A day in the life of a frontline healthcare worker

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A fifth-year resident describes an average day in the hospital — whatever that means, during a pandemic.

A day in the life of a frontline healthcare worker

By Avi Vandersluis as told to Katie Underwood

I’m a fifth-year resident in obstetrics and gynecology at McMaster in Hamilton. We have a clinical role, which includes being on labour and delivery, as well as patient care in the various clinics — cervical cancer screening, endometriosis — depending on what rotation you’re on. We also have administrative duties, and handle triage, which is like emerg for pregnant patients.

I would say the biggest change, during COVID, is the PPE. Prior to the pandemic, we’d only wear it for certain cases, like a c-section, where you have to be completely sterile. The difference is that, now, we’re not allowed to take our masks off post-surgery. At the beginning of every shift, we have to assemble a sort of “emergency case” with PPE, to make sure we have equipment in the event we come into contact with a COVID-positive patient. We don’t want to be running around looking for things.

If I’m doing a day in labour and delivery, I get to work around 6:00 a.m. and do a round on all of my inpatient cases: pregnant ones and antenatal patients who are admitted for various reasons. That can be anything from antepartum hemorrhage or other concerns with the baby. We try to count everybody by 7:00, then the senior residents do teaching for the junior ones, which has switched somewhat to an online format. At 7:30, we do hand-over, where the night team comes and tells you about all the patients that are either still on the board or people that are coming back. Again, only essential people are there. Then we fully start our day. There are usually about three to four C-sections scheduled per day, and then we divide up patients who are labouring already. We get calls from the ward constantly, whether someone needs to get an induction started or there are medication adjustments that need to be done.

Our once-a-week academic half-days, where we would usually have some kind of in-person lecture or event, have all gone virtual. In my year, we’re writing the Royal College exam, so whereas normally, people would get together in small study groups and order dinner, we obviously can’t do that now. Even simple things, like having coffee and doughnuts at the nurse’s station — things that make the environment a bit more positive — you can’t really do anymore.

Emerg can also call us at any time, with patients who are out of their scope — people with postmenopausal bleeding or pregnancy loss. At five o’clock, we hand over to the night team. If I was on-call that night, I’d stay for the full 24 hours.

When you’re stressed all day, if you can get a couple hours of rest, that definitely helps. And having a place that you can go and relax with a proper bed is great. Sometimes, things are so busy that we don’t get to use the call room: there have been lots of shifts in my years of practice where I never saw the call room. But now, during the pandemic, it’s important because I don’t think people are necessarily sleeping as well. So that also increases the value of having a nice Endy mattress to go and relax [on].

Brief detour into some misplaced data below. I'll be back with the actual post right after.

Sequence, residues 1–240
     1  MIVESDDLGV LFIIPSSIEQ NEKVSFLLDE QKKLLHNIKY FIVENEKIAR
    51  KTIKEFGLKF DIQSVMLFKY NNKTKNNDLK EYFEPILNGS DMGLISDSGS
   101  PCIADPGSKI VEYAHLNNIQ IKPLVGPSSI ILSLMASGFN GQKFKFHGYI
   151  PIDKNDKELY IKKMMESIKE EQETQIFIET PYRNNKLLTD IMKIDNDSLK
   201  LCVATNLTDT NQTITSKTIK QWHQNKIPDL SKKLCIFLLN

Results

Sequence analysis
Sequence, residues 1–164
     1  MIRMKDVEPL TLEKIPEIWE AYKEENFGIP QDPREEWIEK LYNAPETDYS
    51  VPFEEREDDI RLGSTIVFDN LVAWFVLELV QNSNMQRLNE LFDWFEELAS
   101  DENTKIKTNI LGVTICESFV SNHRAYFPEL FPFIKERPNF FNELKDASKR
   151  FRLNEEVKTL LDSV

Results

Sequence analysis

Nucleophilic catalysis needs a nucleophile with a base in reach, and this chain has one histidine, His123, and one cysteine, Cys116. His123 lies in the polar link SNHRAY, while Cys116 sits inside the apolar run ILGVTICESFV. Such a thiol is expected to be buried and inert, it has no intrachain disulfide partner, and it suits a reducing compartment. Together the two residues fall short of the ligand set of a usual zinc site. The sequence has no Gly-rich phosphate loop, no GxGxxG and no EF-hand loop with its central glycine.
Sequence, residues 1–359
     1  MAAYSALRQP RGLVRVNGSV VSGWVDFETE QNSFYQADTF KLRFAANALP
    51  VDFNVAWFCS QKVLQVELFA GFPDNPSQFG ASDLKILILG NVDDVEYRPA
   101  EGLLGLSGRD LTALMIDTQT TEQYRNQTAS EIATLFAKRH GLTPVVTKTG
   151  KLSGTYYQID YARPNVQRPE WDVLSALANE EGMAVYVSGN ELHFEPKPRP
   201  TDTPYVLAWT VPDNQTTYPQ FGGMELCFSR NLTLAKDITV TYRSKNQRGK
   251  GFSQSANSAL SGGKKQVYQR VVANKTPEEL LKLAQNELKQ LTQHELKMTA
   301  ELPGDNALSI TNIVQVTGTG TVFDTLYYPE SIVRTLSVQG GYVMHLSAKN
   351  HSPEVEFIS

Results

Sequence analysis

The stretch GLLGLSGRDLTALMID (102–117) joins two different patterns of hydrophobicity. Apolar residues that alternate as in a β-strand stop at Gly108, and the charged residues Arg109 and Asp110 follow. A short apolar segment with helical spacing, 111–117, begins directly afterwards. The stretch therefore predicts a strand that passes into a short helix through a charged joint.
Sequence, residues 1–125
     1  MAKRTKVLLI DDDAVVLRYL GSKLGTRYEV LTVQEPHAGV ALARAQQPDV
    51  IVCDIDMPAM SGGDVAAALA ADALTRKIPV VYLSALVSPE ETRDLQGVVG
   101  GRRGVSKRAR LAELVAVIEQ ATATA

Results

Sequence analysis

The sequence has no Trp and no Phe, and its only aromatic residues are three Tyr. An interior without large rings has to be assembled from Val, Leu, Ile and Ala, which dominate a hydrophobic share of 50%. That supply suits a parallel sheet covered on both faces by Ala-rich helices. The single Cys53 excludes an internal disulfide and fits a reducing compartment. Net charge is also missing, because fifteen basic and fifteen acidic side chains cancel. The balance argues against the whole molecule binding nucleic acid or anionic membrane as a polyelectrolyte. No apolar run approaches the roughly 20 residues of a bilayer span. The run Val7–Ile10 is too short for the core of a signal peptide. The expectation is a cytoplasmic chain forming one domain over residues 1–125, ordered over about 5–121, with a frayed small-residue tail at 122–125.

Nobody wants to bring COVID home with them, so as soon as I get home, I have to throw everything in the laundry and have a shower before I can even say hi to my wife and kids. After a few months, people kind of got into the groove of things and adapted to the new normal. But with new variants coming up again, now we’re seeing a lot more pregnant patients who are COVID-positive. There are people coming in who are quite sick. One of my co-residents recently had to send a mom-to-be to the hospital on ECMO, which is a heart-and-lung machine. It would be extremely rare for something like that to happen outside of the pandemic. Now we have variants, and younger, healthier people are being affected, and that part is scary. Thankfully, as healthcare workers, most of us have at least gotten one of the two vaccines.

Labour and delivery is a bit different in that it never slowed down. In fact, it’s now very, very busy. Initially, I think people postponed starting a family or having another kid [because of COVID], but as time went on, it looks like they changed their minds.


From a surgical-learning standpoint, lots of people have missed out on opportunities: many of the non-essential patient encounters have been either deferred or switched to a phone call — even gyno patients. Obviously, there’s a huge impact on patients because all of our wait times are way longer for things that are not deemed essential, but they still have significant ramifications for people’s quality of life.

I think it is a good learning experience to be a healthcare provider during a pandemic. Part of the stress was around whether residents would be able to get the necessary competencies we’d need for independent practice, but most people have still been able to, even if things have obviously changed. In Canada, pandemics are not super common, so none of us have ever done this before. There are a lot of big changes that have far-reaching effects, which I don’t think we will really fully grasp until this is all over and a number of years have passed.

Endy has donated over 10,000 mattresses to charity, and with the new Healthcare Heroes initiative, they are doubling down on outfitting Canadian hospitals and frontline medical professionals with comfortable mattresses and bedding, so they can get the rest they deserve. Canadians are encouraged to nominate their local hospital for a call room transformation at


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